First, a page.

The Basilica Cistern is the largest of several hundred ancient cisterns that lie beneath the city of Istanbul. The enlarged cistern provided a water filtration system for the Great Palace of Constantinople and other buildings. The cistern has the capacity to store 100,000 tons of water, despite being virtually empty today with only a few feet of water lining the bottom.
Located in the northwest corner of the cistern, the bases of two columns reuse blocks carved with the visage of Medusa; origin unknown:
Next we toured Topkapi Palace, residence of Ottoman Sultans, where the power of ruling this huge empire was played against a background of Harem intrigue. The jeweled turban crests, silken caftans and priceless Chinese porcelains of the palace bear witness to the grandeur of a bygone era.
Also on display was the “Staff of Moses” (the one that created the miracles) and the “Sword of David” from biblical times, in addition to many artifacts of The Profit Mohammed.
At the Grand Bazaar, with its over 4000 shops, you can bargain for carpets, jewelry, leather and much more.
Dinner was on our own tonight and we had delicious lamb skewers.
Friday, March 1- Anzac Cemetery, Drive to Canakkale (Asia)
The bus tour / road trip begins! We stepped back in time as we arrived at Gallipoli. We viewed the poignant battlefields of one of WWI’s bloodiest campaigns and stood at Anzac Cove, where Australian and New Zealand forces landed. Lots of officials touring too:
After a visit to the solemn cemetery and memorials at Gallipoli National Park, we crossed the Dardanelles that connect the Aegean Sea to the Sea of Marmara, by ferry boat to continue to Canakkale in northwest Turkey.
Canakkale is where we spent the night. The city was preparing for the arrival of the Prime Minister the following day and it was clear that leaving bright and early was in our best interest. Very busy! The Turks party on Friday nights and we heard them quite clearly in our room.
This is from the Brad Pitt movie:
Saturday, March 14 – Troy, Pergamum, Drive to Kusadasi
Our Morning tour was to the classical 4000-year-old city of Troy and legendary center of the Trojan War, immortalized in Homer’s epic poem, The Iliad. One of the most famous archeological sites in the world, on the lower slopes of Mount Ida, its entrance is guarded by the mythical re-created Trojan Horse. On the World Heritage List of UNESCO, this site is now an important Turkish National Park.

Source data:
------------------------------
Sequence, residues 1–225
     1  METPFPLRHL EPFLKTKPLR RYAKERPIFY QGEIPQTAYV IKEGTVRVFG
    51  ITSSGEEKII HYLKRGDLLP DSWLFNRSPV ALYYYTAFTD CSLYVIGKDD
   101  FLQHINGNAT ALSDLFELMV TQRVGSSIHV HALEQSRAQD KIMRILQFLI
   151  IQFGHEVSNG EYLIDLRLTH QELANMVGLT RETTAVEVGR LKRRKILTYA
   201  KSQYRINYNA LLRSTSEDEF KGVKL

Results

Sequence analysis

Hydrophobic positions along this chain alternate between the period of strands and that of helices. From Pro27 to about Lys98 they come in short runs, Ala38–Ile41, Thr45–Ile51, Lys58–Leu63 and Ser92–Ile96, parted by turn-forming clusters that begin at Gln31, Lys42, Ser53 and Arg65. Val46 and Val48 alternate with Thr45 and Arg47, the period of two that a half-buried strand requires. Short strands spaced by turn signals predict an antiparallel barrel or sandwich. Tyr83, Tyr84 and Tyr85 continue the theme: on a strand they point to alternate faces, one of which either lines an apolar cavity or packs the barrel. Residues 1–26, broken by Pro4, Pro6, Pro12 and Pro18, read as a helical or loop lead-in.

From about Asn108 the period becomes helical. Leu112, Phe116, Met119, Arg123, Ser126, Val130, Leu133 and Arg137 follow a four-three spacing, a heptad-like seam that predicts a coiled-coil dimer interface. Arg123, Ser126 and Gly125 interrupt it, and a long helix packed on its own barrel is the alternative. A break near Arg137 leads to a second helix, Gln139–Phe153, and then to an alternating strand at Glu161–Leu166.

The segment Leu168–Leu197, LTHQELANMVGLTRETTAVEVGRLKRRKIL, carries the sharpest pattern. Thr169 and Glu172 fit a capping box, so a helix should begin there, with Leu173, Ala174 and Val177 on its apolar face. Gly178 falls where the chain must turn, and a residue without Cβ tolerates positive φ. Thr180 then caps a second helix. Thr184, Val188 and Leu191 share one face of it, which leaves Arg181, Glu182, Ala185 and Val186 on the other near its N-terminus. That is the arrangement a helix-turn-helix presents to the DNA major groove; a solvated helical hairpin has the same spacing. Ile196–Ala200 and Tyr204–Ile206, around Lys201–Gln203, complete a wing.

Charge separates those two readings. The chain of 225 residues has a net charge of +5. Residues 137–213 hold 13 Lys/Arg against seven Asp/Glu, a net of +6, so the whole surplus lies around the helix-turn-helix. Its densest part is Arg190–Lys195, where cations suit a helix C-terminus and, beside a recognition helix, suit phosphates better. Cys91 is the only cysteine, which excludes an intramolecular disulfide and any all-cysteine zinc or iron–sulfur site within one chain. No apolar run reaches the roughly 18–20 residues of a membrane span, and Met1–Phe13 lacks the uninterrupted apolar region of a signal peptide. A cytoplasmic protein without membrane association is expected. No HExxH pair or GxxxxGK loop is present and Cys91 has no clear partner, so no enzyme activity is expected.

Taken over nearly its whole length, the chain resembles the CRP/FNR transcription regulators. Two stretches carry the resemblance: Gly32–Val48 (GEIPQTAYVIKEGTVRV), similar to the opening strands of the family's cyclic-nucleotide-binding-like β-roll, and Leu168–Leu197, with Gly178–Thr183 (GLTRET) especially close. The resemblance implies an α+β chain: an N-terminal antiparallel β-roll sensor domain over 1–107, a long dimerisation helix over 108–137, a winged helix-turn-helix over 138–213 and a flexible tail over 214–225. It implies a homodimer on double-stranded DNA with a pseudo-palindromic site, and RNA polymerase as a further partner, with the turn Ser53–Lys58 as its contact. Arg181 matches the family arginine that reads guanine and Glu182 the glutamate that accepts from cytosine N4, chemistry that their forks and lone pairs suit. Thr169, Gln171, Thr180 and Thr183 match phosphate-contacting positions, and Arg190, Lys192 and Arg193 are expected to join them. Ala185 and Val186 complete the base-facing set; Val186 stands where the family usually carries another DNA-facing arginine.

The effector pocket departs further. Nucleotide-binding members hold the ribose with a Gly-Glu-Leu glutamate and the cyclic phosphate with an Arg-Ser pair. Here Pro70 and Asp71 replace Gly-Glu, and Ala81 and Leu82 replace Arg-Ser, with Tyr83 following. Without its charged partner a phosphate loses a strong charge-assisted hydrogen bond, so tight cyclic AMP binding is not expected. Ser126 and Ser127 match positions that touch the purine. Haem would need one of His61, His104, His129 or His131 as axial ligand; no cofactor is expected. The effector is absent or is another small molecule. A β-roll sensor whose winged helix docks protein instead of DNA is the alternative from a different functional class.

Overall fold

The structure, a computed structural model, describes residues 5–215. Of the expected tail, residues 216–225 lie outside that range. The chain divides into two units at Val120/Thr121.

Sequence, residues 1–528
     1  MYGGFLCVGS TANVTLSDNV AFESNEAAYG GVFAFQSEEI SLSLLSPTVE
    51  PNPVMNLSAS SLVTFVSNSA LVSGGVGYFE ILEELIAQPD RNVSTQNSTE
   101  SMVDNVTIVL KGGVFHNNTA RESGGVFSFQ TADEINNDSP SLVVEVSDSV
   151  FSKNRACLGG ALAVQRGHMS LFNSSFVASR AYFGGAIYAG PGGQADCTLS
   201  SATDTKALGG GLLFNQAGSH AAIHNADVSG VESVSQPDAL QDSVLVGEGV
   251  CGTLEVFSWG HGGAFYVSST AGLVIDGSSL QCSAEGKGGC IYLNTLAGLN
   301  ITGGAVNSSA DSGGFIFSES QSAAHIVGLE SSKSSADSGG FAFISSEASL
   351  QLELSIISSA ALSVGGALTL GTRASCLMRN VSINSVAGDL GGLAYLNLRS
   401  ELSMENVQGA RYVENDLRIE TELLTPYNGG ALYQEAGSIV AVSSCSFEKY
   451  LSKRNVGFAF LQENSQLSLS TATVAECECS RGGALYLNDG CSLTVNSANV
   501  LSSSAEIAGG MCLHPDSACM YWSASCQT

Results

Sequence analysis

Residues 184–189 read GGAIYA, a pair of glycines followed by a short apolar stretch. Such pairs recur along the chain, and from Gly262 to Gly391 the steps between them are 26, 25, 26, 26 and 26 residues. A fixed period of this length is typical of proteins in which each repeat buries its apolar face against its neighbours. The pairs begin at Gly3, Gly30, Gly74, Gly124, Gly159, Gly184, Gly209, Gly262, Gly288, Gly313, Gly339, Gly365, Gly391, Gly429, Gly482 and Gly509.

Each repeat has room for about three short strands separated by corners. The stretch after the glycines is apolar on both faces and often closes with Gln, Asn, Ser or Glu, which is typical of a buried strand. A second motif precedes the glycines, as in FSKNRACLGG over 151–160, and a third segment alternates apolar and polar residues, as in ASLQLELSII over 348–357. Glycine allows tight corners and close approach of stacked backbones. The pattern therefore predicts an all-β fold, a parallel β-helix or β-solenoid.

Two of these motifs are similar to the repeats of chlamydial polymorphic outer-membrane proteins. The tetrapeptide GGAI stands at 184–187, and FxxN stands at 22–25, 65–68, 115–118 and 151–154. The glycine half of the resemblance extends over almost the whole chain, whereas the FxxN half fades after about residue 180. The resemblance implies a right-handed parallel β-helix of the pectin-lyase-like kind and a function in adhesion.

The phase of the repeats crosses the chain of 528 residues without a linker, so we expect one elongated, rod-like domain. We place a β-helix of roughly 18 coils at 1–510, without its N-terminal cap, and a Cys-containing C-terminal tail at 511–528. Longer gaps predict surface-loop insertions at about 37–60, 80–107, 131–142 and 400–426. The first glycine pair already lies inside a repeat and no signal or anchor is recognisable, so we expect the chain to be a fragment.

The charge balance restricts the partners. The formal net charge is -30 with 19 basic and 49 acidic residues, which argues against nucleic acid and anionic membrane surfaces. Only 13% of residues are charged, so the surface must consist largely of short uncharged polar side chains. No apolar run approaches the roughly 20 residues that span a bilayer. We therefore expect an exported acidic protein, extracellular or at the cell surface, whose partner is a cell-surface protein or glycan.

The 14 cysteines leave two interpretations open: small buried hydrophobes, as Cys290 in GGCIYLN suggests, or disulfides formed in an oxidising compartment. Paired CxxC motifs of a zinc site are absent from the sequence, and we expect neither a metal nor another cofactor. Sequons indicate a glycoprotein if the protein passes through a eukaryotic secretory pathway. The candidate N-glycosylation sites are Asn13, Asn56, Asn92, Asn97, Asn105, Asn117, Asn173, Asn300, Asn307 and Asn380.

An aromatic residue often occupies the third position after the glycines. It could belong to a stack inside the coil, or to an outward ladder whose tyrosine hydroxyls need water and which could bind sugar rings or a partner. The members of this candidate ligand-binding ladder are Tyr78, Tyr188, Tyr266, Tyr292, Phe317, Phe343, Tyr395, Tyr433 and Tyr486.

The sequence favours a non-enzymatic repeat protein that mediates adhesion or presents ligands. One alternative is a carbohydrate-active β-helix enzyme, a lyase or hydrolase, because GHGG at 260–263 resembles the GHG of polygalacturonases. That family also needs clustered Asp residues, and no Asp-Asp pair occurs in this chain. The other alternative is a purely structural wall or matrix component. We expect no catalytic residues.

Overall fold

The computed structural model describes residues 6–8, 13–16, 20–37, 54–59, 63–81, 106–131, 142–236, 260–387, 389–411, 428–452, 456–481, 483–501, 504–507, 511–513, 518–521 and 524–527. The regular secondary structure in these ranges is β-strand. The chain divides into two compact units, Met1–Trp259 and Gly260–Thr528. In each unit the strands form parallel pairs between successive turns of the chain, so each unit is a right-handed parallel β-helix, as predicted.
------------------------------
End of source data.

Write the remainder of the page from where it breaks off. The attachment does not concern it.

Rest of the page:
This stray dog followed me everywhere; so many in Turkey – it is heartbreaking:
More painstaking digs and discoveries:
Then we drove to Pergamum, a powerful kingdom dating back to the 4th century BC, home to the second largest library in the ancient world, the theatre of Anatolia, the monumental Altar of Zeus and the Roman medical center of Asklepion. We enjoyed a lunch of traditional favorites before continuing to Kusadasi, gateway to Ephesus.
Sunday, March 15 – Day at leisure in Kusadasi
The rest of the group went to the Ancient City of Ephesus but we had toured this in 2009 so we stayed back for a day of laundry, catch-up and leisure in Kusadasi. Once a tiny fishing village, which has grown to a major bustling city with sleek stores, uncountable rug shops and boutiques along the modern port.
Part two of our Turkey tour to follow in the next day or so. Wifi is spotty at best in a lot of the hotels making it difficult to post, Facetime and stay in touch. I have been more than patient with it. Until today.
Paula and Joe